The human genome—more than a list
Among the estimated 30,000 human genes are more than 250 genes that are implicated in oncogenesis. That, according to Michael R. Stratton, Ph.D., the Distinguished Lecturer for 2003 at the Cancer Center grand rounds in May, is extraordinary: close to 1 percent of known genes are risk factors for cancer.
Stratton, head of the Cancer Genome Project at The Wellcome Trust Sanger Institute in England, is tracing the history of such mutations and looking for patterns of behavior to try to develop methods of analysis. His team has found, for example, that kinases are heavily represented in cancer genes, while phosphatases are not. “There has to be something biologically configured about phosphatases that does not allow them to become cancer genes. It is this sort of analysis—that is not hypothesis-based, that is purely based on statistical constructs from analysis of the genome sequence—that will give us new biological insights.”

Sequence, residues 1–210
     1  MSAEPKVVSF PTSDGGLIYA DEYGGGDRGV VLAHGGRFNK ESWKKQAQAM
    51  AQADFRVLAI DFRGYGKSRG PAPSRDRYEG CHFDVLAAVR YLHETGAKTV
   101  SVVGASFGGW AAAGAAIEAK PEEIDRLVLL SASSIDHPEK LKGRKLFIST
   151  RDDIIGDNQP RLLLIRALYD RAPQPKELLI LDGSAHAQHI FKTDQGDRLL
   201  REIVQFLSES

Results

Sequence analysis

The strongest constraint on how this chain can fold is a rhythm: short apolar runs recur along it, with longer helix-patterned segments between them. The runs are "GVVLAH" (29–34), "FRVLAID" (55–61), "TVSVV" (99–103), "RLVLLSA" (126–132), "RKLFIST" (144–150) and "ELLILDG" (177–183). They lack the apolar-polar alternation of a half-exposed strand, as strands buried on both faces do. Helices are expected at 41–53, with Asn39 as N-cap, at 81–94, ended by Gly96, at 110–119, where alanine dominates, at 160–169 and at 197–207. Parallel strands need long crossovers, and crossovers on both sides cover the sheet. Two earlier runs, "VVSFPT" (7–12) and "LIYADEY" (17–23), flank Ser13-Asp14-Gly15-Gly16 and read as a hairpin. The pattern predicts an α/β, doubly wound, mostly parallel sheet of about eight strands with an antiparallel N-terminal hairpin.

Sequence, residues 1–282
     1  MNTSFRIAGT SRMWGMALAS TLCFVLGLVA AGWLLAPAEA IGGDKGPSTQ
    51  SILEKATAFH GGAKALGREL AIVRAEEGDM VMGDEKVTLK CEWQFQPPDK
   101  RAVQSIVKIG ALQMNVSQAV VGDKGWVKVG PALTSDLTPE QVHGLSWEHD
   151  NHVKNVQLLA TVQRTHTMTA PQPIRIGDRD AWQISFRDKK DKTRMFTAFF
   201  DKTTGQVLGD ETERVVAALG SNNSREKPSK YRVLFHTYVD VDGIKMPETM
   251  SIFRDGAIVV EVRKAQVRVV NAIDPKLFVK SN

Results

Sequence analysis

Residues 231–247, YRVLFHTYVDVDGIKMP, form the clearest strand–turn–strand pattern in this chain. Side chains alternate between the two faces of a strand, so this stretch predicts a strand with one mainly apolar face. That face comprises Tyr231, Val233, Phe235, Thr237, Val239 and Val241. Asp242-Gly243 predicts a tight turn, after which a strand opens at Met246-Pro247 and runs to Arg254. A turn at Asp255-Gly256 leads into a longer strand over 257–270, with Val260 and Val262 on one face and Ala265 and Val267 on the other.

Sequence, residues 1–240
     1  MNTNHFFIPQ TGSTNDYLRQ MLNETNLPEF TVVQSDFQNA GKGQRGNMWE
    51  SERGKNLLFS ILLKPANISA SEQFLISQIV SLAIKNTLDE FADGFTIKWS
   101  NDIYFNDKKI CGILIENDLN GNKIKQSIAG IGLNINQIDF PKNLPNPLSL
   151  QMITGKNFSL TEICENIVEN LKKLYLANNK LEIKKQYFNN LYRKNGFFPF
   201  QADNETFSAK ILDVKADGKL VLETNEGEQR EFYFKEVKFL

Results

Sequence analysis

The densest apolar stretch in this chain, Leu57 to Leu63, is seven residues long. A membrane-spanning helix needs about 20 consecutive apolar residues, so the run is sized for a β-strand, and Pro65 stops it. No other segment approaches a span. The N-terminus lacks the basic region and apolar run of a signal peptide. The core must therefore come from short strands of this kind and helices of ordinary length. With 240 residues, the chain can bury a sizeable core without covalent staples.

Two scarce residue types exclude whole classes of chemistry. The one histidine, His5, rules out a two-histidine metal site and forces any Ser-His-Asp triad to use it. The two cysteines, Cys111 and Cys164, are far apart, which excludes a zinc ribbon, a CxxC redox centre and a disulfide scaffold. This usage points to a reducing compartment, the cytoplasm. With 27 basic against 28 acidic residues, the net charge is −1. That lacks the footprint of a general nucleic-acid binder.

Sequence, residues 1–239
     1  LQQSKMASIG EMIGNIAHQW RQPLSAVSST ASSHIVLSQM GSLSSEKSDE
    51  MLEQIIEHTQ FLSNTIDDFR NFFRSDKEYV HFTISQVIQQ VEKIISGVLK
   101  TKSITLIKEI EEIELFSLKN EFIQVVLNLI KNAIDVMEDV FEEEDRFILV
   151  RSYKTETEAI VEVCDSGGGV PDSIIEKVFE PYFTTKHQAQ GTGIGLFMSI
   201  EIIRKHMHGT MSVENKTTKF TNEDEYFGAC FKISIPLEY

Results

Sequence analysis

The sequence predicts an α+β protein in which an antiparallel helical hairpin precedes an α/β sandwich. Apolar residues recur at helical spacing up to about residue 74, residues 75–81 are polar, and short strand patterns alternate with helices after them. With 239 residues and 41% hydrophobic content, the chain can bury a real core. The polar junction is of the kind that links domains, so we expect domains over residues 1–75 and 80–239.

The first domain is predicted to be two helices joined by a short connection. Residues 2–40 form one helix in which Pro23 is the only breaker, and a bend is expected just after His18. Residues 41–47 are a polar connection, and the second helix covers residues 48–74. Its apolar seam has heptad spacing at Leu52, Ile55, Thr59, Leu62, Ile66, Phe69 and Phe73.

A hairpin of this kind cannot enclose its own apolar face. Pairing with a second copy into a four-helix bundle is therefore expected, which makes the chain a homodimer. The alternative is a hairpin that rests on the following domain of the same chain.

That could change the way cancers are classified, or lead to new treatments, Stratton said, before cautioning, “We just don’t know whether it is going to end up that way. But I think it is a reasonable aspiration that through these global descriptions of the cancer genome we will begin to move closer to an understanding of the core processes through which cancer develops.”
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